The Holy Eucharist and hearing the voice of God – Isaiah 6:1-12

2nd Week of Great Lent – Thursday. The Sixth Hour

And it came to pass in the year in which king Ozias died, [that] I saw the Lord sitting on a high and exalted throne, and the house was full of his glory. 2. And seraphs stood round about him: each one had six wings: and with two they covered [their] face, and with two they covered [their] feet, and with two they flew. 3. And one cried to the other, and they said, Holy, holy, holy [is the] Lord of hosts: the whole earth is full of his glory. 4. And the lintel shook at the voice they uttered, and the house was filled with smoke.5. And I said, Woe is me, for I am pricked to the heart; for being a man, and having unclean lips, and I have seen with mine eyes the King, the Lord of hosts. 6. And there was sent to me one of the seraphs, and he had in his hand, a coal, which he had taken off the altar with the tongs: 7 . and he touched my mouth, and said, Behold, this has touched thy lips, and will take away thine iniquities, and will purge off thy sins. Isaiah 6:1-7

 


Most people have heard or read this passage from Isaiah and understand that it refers to the Holy Mysteries. It is a prophesy of what was to come – after the incarnation of the God-man Jesus Christ, we would be fed with the bread which came down from heaven – the holy Eucharist.

 

The priest repeats some of these words when he communes every person:

 

“Behold this hath touched thy lips, and taketh away all thine iniquities and purgeth all thy sins”

 

As in all of Holy Scripture, true understanding is in the details. Those who have “ears to hear” listen closely, and perceive all shades of meaning. Those who do not have such ears are those whom the Lord orders Isaiah to give the message:

 

"Go, and say to this people. 9. Ye shall hear indeed, but ye shall not understand; and ye shall see indeed, but ye shall not perceive. 10. For the heart of this people has become gross, and their ears are dull of hearing, and their eyes have they closed; lest they should see with their eyes, and hear with their ears, and understand with their heart, and be converted, and I should heal them.” Isaiah 6:9-10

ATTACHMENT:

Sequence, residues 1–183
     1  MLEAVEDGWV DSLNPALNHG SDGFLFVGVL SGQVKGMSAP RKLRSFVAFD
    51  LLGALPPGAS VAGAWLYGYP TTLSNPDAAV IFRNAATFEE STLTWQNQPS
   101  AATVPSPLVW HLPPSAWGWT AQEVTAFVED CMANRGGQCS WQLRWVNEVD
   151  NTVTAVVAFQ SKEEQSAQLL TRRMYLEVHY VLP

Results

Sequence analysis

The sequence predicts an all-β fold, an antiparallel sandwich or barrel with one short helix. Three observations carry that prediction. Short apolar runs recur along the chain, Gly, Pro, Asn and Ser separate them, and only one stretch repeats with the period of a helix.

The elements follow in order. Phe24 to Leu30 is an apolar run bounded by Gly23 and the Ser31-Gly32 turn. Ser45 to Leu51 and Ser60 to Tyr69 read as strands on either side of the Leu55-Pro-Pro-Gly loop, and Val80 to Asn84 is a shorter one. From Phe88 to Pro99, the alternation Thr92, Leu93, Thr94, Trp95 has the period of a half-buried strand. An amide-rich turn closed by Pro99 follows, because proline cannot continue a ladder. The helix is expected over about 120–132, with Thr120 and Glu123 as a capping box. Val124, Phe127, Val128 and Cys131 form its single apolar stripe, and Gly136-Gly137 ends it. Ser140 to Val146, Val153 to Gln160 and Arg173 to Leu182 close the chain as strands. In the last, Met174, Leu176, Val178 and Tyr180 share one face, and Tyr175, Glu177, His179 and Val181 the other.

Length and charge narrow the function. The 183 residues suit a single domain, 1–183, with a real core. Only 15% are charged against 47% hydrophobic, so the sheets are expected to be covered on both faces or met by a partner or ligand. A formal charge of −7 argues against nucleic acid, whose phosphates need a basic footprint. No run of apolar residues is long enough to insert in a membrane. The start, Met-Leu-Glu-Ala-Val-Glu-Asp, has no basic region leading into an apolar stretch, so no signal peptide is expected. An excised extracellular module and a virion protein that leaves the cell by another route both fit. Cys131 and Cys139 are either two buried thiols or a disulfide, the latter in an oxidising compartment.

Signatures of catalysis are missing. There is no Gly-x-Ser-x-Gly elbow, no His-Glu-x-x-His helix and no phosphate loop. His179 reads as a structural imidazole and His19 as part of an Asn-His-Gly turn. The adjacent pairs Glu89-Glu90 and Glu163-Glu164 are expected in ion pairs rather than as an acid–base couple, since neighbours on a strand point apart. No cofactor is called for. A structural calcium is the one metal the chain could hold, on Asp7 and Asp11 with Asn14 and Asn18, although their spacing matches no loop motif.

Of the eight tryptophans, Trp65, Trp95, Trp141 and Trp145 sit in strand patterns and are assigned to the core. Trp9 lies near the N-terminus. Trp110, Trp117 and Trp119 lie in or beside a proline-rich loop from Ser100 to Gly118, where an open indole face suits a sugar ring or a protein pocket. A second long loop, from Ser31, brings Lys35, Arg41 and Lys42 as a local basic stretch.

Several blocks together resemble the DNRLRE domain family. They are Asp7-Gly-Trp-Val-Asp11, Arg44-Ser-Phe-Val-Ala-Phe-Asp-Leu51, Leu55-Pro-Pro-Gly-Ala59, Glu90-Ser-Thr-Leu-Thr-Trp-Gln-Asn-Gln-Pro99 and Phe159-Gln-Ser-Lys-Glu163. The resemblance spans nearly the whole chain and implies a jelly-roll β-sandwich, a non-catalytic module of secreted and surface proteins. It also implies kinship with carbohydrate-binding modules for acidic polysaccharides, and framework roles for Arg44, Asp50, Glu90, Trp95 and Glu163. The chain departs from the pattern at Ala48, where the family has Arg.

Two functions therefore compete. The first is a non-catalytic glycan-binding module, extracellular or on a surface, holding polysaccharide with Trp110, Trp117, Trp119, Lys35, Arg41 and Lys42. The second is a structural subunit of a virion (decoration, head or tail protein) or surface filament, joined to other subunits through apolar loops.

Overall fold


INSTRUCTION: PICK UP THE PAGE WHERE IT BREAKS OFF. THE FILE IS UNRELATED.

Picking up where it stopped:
There is a stark contrast presented here. Isaiah is healed by the holy coal which touches his lips because of his faith. See how he thinks of himself:

 

“And I said, Woe is me, for I am pricked to the heart; for being a man, and having unclean lips, and I have seen with mine eyes the King, the Lord of hosts.”

 

Such a man God will heal. “God resists the proud, but gives grace to the humble”, and the greatest grace is given by the Holy Eucharist.

 

How can we know the holy prophet was truly humble? After all, words are easy to say.

 

We must not receive the grace of God in vain. The partaking of communion must initiate ACTION in us. The voice of God will also be present for us. Isaiah not only has words, he has actions. Will we hear God as Isaiah did?

 

“And I heard the voice of the Lord, saying, Whom shall I send, and who will go to this people? And I said, behold, I am [here], send me.” Isaiah 6:8


Why do we live such mediocre lives? Why do we confess the same sins over and over? Why is there so little change in our lives? Let us look at ourselves carefully: are we hearing the voice of God? Are we saying to God as Isaiah: “I am here, send me?”

 

There are two ways of living – one leads to life and one leads to death. There are two ways of communing the Holy Mysteries. Isaiah shows us one, and the people he preaches to shows us the other. May we live in such a way that every time we commune, not just the priest, but the Lord says to us:

 

Behold, this has touched thy lips, and will take away thine iniquities, and will purge off thy sins.

 

———-